An explosion in an illegal refinery in Nigeria causes at least a hundred deaths | International

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An explosion at an illegal oil refinery killed at least 100 people on Saturday in the Ohaji-Egbema area of ​​Imo State in southeastern Nigeria. The charred bodies were scattered among burned palms, vehicles and trucks, after the accident that began around noon. Hours later, shoes, bags and clothes of the deceased were found lying on the ground and blackened by oil and soot, while the refinery facilities were still emitting smoke despite the overnight rain. According to sources in the Nigerian daily Daily Post, another 150 people have been injured after the fire. In addition, six vehicles queuing to buy illegal fuel were also burned.

"I beg the government to investigate this," Uche Woke, a commercial cyclist, told Reuters at the scene of the blast on Saturday night. The Nigerian Red Cross went to the scene on Sunday to assess the explosion, which destroyed a part of the Abaezi forest, located on the border of Imo State. Nigerian President Muhammadu Buhari stressed in a statement that he will intensify the crackdown on illegal refineries and described the event as a "catastrophe" and "national disaster."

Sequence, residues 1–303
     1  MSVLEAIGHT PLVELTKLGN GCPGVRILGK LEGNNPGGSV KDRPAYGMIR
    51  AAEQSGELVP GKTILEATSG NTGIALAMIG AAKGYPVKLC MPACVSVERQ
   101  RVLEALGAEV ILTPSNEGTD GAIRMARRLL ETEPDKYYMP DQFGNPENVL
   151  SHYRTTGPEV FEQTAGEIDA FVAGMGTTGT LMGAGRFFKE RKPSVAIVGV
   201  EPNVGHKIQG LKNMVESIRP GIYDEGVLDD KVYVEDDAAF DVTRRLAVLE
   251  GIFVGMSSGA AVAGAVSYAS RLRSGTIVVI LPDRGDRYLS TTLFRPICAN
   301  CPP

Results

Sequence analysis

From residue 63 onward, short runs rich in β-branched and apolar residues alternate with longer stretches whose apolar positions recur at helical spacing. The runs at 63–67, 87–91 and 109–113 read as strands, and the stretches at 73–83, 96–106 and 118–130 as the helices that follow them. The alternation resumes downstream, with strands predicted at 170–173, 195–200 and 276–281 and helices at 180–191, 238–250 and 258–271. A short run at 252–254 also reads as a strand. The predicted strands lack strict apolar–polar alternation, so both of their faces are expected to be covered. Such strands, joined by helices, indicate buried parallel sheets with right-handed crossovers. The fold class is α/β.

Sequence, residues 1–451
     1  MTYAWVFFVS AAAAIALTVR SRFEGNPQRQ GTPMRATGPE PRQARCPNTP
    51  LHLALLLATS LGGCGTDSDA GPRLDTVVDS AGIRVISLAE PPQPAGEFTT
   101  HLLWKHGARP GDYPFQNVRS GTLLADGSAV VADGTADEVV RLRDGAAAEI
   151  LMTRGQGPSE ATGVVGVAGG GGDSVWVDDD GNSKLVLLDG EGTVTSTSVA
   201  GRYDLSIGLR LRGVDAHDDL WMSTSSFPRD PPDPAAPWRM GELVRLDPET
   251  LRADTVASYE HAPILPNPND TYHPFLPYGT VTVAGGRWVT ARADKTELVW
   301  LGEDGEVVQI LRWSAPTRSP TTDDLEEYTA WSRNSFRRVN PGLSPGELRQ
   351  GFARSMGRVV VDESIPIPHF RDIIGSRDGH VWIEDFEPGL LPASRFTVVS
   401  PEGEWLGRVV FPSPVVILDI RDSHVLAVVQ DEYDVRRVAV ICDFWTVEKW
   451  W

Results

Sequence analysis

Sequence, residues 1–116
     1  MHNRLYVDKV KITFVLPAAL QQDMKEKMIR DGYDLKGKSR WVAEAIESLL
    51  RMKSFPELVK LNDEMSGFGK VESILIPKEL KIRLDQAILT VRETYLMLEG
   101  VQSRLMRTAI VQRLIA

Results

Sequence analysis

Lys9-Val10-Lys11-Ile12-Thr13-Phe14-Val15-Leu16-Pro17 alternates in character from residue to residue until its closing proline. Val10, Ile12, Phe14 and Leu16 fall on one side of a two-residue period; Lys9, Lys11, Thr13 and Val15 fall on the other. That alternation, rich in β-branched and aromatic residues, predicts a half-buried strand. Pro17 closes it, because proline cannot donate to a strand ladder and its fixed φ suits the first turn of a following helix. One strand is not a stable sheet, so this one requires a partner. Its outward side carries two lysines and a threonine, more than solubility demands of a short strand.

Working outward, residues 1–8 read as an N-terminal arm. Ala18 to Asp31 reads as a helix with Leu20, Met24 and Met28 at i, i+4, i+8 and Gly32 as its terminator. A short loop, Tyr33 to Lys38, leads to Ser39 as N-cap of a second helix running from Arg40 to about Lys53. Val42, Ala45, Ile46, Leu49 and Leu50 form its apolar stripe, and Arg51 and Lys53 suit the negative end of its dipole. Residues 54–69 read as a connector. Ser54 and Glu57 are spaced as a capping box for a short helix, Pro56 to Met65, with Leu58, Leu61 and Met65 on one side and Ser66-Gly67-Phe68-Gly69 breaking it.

The commissioner of Petroleum Resources of the State of Imo, Goodluck Opiah, explained that the regional government has declared in search and capture the owner of the refinery, who has been identified as Okenze Onyenwoke. The authorities had repeatedly warned about the danger of opening illegal refineries both for the people who work in them and for the environment. In February, the local authorities of the State of Rivers, close to Imo and also affected by this practice, had launched a campaign against the refining of stolen crude oil, in an effort to reduce air pollution and prevent more accidents in the region. , in which 25 deaths were also recorded last October in an explosion like the one that occurred in Imo.

Unfortunately, according to the country's authorities, unemployment and poverty in the Niger Delta, one of the largest oil-producing places in Africa, have made the illegal refinery attractive. In this process, crude oil is extracted from a network of pipelines owned by major oil companies and refined in makeshift tanks. This activity has caused fatal accidents and has polluted especially the southern region of the country, which on several occasions has been affected by oil spills on farmland, streams and lagoons.

Government officials estimate that Nigeria loses an average of 200,000 barrels of oil per day, more than 10% of production, due to crude pipeline vandalism.

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